For my second final project, my photographs will be based on a magazine article titled, The Toxic Skincare Ingredients Hiding In Your Beauty Products, from Philadelphia Magazine. The blog expresses the potential dangers of chemical ingredients used in daily personal care products. The writer, Lauren McGrath speaks about possible health risks and products that contain such substances. These products are absorbed through skin pores, entering the bloodstream. But why are they still for sale and how are the chemicals helping us?
For my shoot, I would like to focus on the chemicals of personal care products. I would like to use products that appear to be familiar, without having the brands identified.
- The tone of the text is serious and it appears to be pleasingly informative.
- My approach will be literal and metaphoric to focus on the tone.
- My approach will be still life and include people.
- My model will be a female classmate.
- The objects used for this shoot will be skin and hair care products of popular brands (used miscellaneous).
- I will use lighting with low contrast, to represent a dark view of the dangers of the products.
- My photographic technique is to make personal care products appear to be toxic and harmful. I will like to use a dramatic look with back lighting so the products give off a glow with colored sheets. Deep depth of field will be used to show every product sharply including the model’s skin.
For my first final project, my photographs will be based on a blog titled, Fashion Jewelry is Popular and Economical. The article describes how popular costume jewelry has become and the appreciation of inexpensive jewelry. Costume jewelry is manufactured with base metals and then plated with gold or silver to give an appearance of fine jewelry. Although it may not last for many years, it can be worn countless times for many occasions.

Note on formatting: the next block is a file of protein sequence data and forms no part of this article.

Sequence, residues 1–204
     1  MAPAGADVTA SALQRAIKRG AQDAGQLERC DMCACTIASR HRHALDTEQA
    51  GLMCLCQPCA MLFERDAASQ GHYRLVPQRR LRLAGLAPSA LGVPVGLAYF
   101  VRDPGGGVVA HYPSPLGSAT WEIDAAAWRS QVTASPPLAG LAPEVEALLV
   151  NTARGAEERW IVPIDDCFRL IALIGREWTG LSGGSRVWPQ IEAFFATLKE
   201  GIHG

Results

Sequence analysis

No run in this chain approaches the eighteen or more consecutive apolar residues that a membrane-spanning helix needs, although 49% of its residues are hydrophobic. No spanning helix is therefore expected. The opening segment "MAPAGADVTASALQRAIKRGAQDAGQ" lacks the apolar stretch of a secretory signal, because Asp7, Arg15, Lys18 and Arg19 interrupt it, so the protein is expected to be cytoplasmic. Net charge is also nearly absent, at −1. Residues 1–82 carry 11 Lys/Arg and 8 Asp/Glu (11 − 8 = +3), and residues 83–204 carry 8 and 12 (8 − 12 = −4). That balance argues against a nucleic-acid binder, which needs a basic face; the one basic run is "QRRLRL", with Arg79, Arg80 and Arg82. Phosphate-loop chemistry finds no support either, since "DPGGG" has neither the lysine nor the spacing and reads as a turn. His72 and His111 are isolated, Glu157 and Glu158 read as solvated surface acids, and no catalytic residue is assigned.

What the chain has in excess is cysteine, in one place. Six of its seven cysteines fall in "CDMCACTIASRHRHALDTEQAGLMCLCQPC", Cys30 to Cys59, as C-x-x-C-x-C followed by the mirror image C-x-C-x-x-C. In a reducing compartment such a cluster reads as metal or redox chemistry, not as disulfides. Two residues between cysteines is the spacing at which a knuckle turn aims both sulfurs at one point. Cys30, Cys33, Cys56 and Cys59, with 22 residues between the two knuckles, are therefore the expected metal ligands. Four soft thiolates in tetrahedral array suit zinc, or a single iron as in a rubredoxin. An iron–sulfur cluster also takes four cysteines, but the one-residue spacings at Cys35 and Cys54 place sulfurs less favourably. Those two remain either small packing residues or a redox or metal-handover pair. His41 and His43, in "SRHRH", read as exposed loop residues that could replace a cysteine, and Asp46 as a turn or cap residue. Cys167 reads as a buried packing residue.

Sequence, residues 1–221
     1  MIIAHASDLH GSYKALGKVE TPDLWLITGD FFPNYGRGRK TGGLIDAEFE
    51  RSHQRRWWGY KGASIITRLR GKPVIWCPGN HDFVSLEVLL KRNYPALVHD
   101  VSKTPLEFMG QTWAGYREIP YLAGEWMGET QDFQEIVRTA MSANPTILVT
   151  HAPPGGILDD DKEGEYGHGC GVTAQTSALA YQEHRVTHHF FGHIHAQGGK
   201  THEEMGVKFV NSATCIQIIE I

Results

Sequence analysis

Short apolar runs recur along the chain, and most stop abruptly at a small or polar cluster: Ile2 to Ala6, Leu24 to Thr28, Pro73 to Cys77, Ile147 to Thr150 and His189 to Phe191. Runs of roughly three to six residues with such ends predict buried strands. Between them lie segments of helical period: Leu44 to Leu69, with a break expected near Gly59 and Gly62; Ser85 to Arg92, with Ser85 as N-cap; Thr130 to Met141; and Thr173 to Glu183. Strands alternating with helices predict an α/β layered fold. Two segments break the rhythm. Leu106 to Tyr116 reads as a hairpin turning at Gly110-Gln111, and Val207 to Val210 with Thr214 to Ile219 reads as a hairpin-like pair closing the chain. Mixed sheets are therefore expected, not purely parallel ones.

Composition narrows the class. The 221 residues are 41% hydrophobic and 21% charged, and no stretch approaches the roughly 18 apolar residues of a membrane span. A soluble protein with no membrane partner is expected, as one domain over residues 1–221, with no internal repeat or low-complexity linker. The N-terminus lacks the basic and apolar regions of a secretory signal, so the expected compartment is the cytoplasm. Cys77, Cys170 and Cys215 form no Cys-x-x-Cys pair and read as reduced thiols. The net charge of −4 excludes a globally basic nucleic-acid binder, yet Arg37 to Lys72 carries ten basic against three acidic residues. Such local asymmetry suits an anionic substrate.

For my shoot, I would like to focus on trendy, designer fashion jewelry. I would like each fashion piece to appear just as luxurious as fine or bridged jewelry.
- The tone of the text is cheerful y informative.
- My approach will be literal.
- My approach will be still life.
- The objects used will be jewelry that is currently trendy from various designers like Michael KORS, Juicy Couture and etc.
- I will use diffused lighting to eliminate hard spots, shadows, and reflections, because of the high luster.
- My photographic technique is to make costume jewelry appear to be luxurious and worth buying. I will like to use a black reflective surface with spot lights. The depth of field will be shallow so the viewer can see the details of each piece.
The word “optimism” derives from the Latin word “optima,” meaning the best outcome or belief in the greatest good. This is an example of an individual going into the direction of hopefulness and confidence about the future.
To represent the optimistic view of a half full glass, I would like to use a wine glass. A wine glass imitates the look of success, health, and wealth, because of its curves. The background should be light and bright to set the desired tone of the photograph. Props that can be used are fruits. Maybe a slice of lemon, a strawberry or pineapple can be placed on the rim. Fruits can also be placed inside the water. Cherries, raspberries or blueberries can be used. The rim can also be salted.
Both poems, “she being Brand” and “Coming Home, Detroit 1968” describes a man driving though a city. The metaphors used throughout each piece are entirely different in format, tone, and in what they are trying to express to the reader.